Posted by: associate editor | 11 March 2011

In Memory: P/R/C Harry Kemp, SN

P/R/C Harry J. Kemp, SN

P/R/C Harry J. Kemp, SN

P/R/C Harry J. Kemp, SN, came into this world on 11 April 1925. Harry was one of four children. Margaret, his oldest sister, and his brother’s wife, Eileen, and his niece, Kim, his son and daughter-in-law, Michael and Sarah and his three grandchilden, Brendan, Ryan and Ally, and his wife, Kay, Kay’s daughter, April, and her two daughters, Rachel and Bonnie, survive him.

After completing his education, Harry joined the U.S. Navy at the age of 17 and proudly served as a member of the “Black Gang” in the engine room on a cruiser in the South Pacific during World War II.

Harry married his first wife, Billie, around 1946. They traveled the world together. The arrival of a son, Michael, completed their family until Michael married Sarah, and together they gave them three beautiful grandchildren.

Harry had licenses in air conditioning, heating, etc., and retired from Benjamin Cardozo High School as a custodial engineer. He was his union’s advocate for the blood bank while at Cardozo.

Harry was a devoted friend. Once you became his friend, you were his friend for life. P/R/C James Minogue, SN, member emeritus, was Harry’s squadron brother and enjoyed a lifetime of friendship with him.

He loved his New York Mets, and while watching the games, Harry enjoyed his favorite beer, Budweiser.

While residing in Mineola, N.Y., Harry joined Bayside Power Squadron on 9 Jan. 1960. He received his Senior Member Award in 1965 as well as his Educational Proficiency Award. In 1967, Harry received his coveted Educational Achievement Award, otherwise known in those days as a full certificate, or N.

Harry’s true love was LURE, a 42-foot Mathews that was berthed in Sag Harbor. He enjoyed cruising the waters of Long Island Sound, Connecticut, Rhode Island and the areas around Cape Cod with his family and his fellow squadron members.

Harry came onto the Bayside Power Squadron bridge in 1976 as the administrative officer and served as commander from 1978–1979. He was the epitome of a squadron member, active in all aspects of education, civic service and fraternity.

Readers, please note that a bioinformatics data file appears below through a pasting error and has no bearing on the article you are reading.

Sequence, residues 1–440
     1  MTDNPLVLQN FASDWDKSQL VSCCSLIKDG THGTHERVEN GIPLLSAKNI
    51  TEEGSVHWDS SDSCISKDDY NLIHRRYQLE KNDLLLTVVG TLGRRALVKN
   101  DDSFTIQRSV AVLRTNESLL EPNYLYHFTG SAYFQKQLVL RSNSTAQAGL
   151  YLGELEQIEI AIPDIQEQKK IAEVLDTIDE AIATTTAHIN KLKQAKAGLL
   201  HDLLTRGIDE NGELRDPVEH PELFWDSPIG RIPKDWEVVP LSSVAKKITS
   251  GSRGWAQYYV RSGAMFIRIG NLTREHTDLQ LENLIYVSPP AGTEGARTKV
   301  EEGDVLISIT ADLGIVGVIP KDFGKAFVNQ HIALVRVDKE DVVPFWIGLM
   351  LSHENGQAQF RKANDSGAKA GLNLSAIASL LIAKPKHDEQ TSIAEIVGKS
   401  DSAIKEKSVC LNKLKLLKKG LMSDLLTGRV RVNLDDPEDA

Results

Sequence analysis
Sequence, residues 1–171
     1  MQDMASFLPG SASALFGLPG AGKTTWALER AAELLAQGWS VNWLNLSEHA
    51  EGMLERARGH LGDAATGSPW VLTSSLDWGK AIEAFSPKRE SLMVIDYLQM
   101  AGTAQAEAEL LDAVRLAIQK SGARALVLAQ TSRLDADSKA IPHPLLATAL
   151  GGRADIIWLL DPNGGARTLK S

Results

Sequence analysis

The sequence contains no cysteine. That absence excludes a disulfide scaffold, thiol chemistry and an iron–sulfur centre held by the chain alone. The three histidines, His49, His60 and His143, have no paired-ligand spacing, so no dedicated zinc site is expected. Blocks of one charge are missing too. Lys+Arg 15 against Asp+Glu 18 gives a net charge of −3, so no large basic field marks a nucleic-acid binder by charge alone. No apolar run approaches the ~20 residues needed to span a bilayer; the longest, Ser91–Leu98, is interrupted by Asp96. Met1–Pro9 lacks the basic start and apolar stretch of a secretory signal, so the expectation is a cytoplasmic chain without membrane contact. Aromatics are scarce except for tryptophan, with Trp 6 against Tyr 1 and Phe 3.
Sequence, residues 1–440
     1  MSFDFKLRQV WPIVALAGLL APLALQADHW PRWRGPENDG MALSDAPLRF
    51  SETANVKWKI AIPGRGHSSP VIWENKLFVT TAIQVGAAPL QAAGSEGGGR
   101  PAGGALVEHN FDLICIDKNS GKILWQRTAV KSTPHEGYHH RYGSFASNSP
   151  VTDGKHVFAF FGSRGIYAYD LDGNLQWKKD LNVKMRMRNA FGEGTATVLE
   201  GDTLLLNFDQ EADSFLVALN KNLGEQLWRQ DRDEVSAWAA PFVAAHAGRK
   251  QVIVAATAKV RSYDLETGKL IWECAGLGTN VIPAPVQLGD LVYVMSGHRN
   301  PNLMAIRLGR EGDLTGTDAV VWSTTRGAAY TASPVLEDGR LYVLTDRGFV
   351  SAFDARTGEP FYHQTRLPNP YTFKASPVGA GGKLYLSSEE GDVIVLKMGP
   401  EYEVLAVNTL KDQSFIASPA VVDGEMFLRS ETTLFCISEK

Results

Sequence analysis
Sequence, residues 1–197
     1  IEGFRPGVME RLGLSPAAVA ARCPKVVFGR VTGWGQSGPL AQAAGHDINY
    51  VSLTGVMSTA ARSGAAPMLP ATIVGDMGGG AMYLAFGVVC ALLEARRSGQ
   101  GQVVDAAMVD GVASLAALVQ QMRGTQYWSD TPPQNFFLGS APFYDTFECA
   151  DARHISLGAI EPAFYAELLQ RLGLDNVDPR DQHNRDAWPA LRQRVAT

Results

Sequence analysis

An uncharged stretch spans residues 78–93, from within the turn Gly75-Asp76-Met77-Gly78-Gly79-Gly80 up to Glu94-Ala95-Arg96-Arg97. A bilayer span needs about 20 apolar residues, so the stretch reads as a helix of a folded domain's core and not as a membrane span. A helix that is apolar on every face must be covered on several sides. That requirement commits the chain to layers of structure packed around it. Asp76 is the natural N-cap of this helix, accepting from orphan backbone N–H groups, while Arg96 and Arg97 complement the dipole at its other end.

From 1987–1989 Harry served as District 3 educational officer. Let me share a memory from this time. Harry, for want of a better word, was shy with women, and it came as a complete surprise when my husband, Guy, received a call from Harry. Harry did not want to speak with Guy; he wanted to speak with me. Guy sat there, holding the phone, staring at it and saying, “It’s Harry and he wants to speak to you!”

I responded, “Harry who?” Harry was calling to ask me to accept the chairmanship of the District 3 Sail committee.

He became the District 3 commander in 1993—and Harry’s Helmsmen came into being. Known as “Dad” to many of his commanders, he enjoyed a year of unconditional support and devotion from his Helmsmen. I was fortunate to be Harry’s “chief wife.” After all, he said, someone has to make the final decisions. His other wives included Diana Minogue of Bayside Power Squadron, Ruth Appel, and Judy DeMeglio of Brooklyn Power Squadron.

Harry was asked to serve on the national Budget Committee, from which he retired as a rear commander.

He was recognized as a member emeritus for 50 years of service to USPS at the 2010 USPS Annual Meeting in Orlando, Fla.

–This eulogy was written and presented by Bayside Power Squadron Chaplain P/R/C Nina P. Anastasio, SN, at Harry’s memorial service on 28 Feb. 2011.

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Responses

  1. As Custodian Engineer for Local 891 he received a BLOOD DONOR AWARD for donating 11 GALONS of his blood To Perpetuate The Highest Ideals of Brotherhood.

    I have spoken
    Kay Kemp

  2. Harry served as DEO when I was commander of Old Firld Point Squadron.
    He is remembered as a true “gentleman” and displaying the real meaning of the word. He will surely be missed by all who new him.

  3. A Great Teacher (with Kay’s help), who always had a kind response

  4. I met Harry at a D3 event not long after I joined GSBPS in ’91. We hit it off immediately when we compared notes that both of us served in the USN during WWII, he on a cruiser and I on a destroyer escort, but more than that our duties, when not at battle stations, were in the engine room, members of the “black gang”, also known as “snipes”. The names come from the old coal burning days when crews were covered with coal dust. From then on, Harry and I kept in touch and enjoyed each others conversations, which included reminiscence of some fearsome events during combat.
    You’d have to like Harry because of his friendly manner and his direct, concise way of expressing himself. Seeing and speaking to him and Kay together was always a great pleasure for me. To say I’ll miss him is an understatement. Geo.Kravis

  5. Harry became the commander of district 3 when the then current D/XO was unable to move up and Harry as a past DEO was approached to fill in. I met him for the first time when he invited the incoming commanders to his home one evening to meet us and to go over his plans for the 1993 year. Harry’s Helmsmen was born that night, and still survives as 5 active members. Last year we lost an active helmsman when Anne Schreitmueller passed. Harry was the soul of friendship, and a joy to be with. The Helmsmen all called him Dad, and I know that I treated him as a surrogate father. He was always a pleasure to be with. I will treasure always the 18 years of love and companionship he gave to us, and the love of USPS he instilled in us.

  6. Alison and I will sure miss Harry. WE had hoped he and Kay would move out here to Peconic Landing, here in Greenport.

    WE’re so very sorry to hear about this, Kay


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